There is fear in these stories, and in much of the discussion that surrounds them: on social media, misinformation and fearmongering has spread like wildfire. But fear does not lead to good policy or good reporting — and as news now all too painfully shows, panic does not lead to being good neighbours.
One of the least surprising but most heartbreaking effects of the coronavirus outbreak, is how it has inflamed bigotry. Across the country, Chinese-Canadians have reported being targets of xenophobia, similar to what the community in Toronto endured during the 2003 outbreak of the SARS virus.
At a dentist office in Toronto, a sign told patients who had been to China, or knew anyone who had been to China, and showed symptoms of illness to cancel their visit. Parents in one Toronto school district started a petition calling for students who had been to China to be "tracked" and told to stay home from school in isolation.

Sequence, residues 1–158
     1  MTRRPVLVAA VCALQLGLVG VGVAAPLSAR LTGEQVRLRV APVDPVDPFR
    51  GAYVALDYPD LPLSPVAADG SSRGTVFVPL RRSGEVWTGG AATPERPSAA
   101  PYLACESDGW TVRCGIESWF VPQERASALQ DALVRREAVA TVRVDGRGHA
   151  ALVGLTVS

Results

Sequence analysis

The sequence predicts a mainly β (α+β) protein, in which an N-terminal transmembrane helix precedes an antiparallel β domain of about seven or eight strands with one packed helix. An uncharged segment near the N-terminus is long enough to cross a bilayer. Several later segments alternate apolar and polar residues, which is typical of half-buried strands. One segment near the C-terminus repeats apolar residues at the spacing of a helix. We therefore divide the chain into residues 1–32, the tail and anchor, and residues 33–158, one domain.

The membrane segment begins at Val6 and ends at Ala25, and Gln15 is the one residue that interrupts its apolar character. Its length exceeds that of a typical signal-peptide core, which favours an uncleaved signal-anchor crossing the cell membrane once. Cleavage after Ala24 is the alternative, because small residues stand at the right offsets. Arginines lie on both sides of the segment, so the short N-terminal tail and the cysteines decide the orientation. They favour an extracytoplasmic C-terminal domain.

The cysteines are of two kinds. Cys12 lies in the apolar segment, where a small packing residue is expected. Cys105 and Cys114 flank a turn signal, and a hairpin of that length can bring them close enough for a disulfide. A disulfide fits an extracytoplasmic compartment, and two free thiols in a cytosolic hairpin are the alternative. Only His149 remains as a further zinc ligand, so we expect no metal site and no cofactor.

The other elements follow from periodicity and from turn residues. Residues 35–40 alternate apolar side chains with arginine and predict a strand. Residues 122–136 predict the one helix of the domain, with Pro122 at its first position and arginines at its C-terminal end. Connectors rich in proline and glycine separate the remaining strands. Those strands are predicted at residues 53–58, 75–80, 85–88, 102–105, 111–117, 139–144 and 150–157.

In Ontario, one news story described how two ethnically Chinese boys were taunted by peers through a playground game to "test them for coronavirus." In a now-deleted tweet, the University of Berkeley, California listed xenophobia alongside anxiety or depression as a list of "common reactions" to coronavirus concerns.
A CTV journalist was fired after he tweeted a photo of his barber, an Asian man, wearing a mask. "Hopefully ALL I got today was a haircut," he wrote, along with the hashtag #coronavirus. He later apologized, saying the tweet was "insensitive," but it was impossible to detach from the spread of xenophobic suspicions.
A Postmedia survey last week found the majority of Canadians were carrying on as normal, but that nearly a fifth of us would move if a person who appeared Chinese sat next to them on the bus due to coronavirus concerns, even if that person showed no signs of illness. Manitobans were among the most likely in Canada to agree.